Some 7,100 languages are spoken in the world today, of which only some 400 are spoken by the great majority of the world’s people.
Every language is a uniquely important way to describe and make sense of the world. Every language and every dialect – the many local variations of language – embodies identity, culture, and traditional ways of understanding the world.
Shakespeare’s famous song from Cymbeline (Act IV, Sc. II) plays on traditional knowledge.
“Fear no more the heat o’ the sun,
Nor the furious winter’s rages;
Thou thy worldly task hast done,
Home art gone, and ta’en thy wages:
Golden lads and girls all must,
As chimney-sweepers, come to dust.”
The Book of Common Prayer (1549) speaks of “earth to earth, ashes to ashes, dust to dust”, lines adapted from the Bible (Genesis 3:19) and well known to Shakespeare’s audience.
In this sense, everyone comes to dust when they die, whether they be rich or poor. Chimney-sweepers also came to dust every working day of their lives scraping soot from chimneys
But there is another local meaning, allowing Shakespeare to play on words. “Golden lads” is Warwickshire dialect for the flower known as a dandelion (itself a corruption of the French dent de lion). And chimney-sweepers is the dialect name for a dandelion-clock, the seed-cluster left over after the yellow flower has matured and whose seeds gradually blow away.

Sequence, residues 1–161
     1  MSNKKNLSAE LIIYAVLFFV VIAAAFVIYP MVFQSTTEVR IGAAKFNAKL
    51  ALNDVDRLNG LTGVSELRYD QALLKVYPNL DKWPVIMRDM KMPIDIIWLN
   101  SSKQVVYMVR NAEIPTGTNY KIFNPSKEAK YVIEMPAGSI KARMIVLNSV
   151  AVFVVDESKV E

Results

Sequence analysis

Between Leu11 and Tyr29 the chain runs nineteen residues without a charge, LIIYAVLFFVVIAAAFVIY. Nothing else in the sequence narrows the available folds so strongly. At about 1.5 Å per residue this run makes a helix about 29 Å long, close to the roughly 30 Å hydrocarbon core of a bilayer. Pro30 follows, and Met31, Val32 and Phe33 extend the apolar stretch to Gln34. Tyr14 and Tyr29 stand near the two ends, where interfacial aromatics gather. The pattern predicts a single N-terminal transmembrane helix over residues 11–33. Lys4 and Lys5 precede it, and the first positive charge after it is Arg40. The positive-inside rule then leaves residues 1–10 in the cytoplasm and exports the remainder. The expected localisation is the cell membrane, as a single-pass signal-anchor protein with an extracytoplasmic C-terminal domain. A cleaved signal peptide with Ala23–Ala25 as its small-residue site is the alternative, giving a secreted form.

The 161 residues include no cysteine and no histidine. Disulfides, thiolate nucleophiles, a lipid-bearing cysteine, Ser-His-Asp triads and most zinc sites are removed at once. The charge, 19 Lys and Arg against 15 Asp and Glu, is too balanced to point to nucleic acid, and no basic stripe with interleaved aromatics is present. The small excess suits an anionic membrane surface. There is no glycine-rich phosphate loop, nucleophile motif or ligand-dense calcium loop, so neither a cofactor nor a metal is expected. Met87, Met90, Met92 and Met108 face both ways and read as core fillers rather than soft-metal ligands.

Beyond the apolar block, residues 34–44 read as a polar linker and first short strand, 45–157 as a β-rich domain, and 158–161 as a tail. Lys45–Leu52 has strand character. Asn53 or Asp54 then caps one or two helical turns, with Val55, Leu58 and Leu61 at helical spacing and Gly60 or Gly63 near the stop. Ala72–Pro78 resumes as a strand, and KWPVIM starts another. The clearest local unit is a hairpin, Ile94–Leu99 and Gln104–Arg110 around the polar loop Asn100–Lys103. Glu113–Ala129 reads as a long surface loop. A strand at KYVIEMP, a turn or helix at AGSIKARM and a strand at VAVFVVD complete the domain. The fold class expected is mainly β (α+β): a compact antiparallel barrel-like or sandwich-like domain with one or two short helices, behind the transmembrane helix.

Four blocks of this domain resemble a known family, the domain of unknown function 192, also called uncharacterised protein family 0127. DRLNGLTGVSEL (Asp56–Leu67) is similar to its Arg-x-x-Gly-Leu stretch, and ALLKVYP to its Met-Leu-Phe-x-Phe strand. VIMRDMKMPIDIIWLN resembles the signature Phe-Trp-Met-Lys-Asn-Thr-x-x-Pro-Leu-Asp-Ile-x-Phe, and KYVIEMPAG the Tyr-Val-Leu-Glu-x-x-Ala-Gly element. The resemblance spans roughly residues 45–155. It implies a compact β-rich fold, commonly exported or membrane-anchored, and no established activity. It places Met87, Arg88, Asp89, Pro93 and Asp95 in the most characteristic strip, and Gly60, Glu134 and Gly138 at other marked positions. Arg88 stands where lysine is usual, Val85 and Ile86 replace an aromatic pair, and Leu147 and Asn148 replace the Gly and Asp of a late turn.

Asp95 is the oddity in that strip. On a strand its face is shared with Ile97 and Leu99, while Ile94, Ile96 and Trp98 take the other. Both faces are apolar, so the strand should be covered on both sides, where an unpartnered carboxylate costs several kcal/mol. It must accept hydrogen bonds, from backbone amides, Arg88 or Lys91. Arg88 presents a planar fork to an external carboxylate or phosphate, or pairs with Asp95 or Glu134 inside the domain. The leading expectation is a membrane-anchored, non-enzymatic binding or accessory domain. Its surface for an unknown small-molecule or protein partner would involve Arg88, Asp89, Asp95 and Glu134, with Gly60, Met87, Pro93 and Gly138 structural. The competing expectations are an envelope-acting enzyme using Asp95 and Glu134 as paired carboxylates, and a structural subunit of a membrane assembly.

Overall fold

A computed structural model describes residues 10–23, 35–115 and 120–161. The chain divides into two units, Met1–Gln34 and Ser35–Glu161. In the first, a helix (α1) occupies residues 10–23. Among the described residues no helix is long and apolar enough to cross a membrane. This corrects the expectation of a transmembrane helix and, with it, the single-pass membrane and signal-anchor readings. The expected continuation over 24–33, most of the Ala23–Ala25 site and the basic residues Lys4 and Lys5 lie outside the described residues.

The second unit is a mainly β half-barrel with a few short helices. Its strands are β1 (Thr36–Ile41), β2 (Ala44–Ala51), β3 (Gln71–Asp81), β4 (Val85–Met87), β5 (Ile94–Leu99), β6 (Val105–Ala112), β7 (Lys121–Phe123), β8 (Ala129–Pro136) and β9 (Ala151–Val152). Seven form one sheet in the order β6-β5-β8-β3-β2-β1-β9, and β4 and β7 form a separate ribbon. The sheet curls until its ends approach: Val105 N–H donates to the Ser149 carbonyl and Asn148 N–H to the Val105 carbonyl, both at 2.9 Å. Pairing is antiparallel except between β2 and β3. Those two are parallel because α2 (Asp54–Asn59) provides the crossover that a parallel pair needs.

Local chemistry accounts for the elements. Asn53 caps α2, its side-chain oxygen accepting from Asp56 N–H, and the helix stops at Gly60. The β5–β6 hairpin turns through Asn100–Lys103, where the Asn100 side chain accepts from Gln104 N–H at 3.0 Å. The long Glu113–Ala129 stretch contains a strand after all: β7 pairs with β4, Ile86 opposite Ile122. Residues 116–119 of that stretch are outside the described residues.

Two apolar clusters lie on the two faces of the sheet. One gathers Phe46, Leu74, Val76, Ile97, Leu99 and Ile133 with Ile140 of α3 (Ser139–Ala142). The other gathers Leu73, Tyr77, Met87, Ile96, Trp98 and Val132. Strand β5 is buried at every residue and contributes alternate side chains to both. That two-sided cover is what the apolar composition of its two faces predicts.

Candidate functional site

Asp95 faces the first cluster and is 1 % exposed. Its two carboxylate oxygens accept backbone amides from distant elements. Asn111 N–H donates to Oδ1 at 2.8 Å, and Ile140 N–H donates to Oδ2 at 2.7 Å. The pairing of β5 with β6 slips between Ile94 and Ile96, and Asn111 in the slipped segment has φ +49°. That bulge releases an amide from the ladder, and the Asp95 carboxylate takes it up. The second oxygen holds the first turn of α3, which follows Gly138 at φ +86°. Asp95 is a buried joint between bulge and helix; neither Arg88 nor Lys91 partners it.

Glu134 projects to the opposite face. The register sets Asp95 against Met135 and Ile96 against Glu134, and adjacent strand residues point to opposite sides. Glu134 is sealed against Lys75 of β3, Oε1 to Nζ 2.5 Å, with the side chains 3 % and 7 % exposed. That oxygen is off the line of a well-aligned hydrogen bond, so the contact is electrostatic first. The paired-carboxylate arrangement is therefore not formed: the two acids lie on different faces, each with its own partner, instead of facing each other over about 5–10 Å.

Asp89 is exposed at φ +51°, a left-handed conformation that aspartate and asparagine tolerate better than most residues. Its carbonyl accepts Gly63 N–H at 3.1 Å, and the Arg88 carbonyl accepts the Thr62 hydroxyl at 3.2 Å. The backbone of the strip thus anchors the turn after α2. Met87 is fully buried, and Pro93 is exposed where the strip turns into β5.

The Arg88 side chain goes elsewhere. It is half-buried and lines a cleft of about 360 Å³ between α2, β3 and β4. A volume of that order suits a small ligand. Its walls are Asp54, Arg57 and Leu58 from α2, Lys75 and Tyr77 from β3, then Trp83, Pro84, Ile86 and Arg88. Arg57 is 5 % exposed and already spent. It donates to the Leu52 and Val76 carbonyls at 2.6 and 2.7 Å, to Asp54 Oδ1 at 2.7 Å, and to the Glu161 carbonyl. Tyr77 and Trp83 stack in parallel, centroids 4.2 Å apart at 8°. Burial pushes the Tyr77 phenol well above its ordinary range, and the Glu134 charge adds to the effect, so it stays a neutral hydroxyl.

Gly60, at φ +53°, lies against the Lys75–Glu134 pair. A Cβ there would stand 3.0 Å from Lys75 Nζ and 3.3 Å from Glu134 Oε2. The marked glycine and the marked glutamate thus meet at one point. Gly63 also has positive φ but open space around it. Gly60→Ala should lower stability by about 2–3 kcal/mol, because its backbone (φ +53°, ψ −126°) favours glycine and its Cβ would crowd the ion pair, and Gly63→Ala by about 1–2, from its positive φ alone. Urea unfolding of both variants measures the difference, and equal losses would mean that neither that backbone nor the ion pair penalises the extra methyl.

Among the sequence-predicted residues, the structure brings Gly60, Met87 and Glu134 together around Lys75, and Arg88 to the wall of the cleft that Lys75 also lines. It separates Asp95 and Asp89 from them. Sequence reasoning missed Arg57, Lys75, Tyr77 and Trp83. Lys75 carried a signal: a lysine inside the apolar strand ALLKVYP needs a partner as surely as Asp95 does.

So, language is the way people communicate with each other, build relationships, and create community. Apparently, Nelson Mandela never said, “If you talk to a man in a language he understands, that goes to his head. If you talk to him in his own language, that goes to his heart.” But, in a different context, he did use similar words, and Mandela’s own humanity made his meaning clear.
Language rights fall within the larger framework of communication rights. And today people are speaking of digital rights or digital justice because a large part of today’s communication takes place via digital technologies and platforms.
Consequently, the familiar right to freedom of opinion and expression, with its pitfalls of slander, disinformation, and hate speech now apply to digital rights. These are in the process of being codified and translated into as many languages as possible (with an initial target of 100), so that people the world over can understand and come to terms with the astonishing impact of digital technologies on society.
For digital justice to prevail, we need principles that allow all people to engage in transparent, informed, and democratic debate, where people have unfettered access to the information and knowledge essential to peaceful coexistence, empowerment, responsible civic engagement, and mutual accountability.
In other words, language rights and digital justice go hand in hand.
Photo: Romolo Tavani/Shutterstock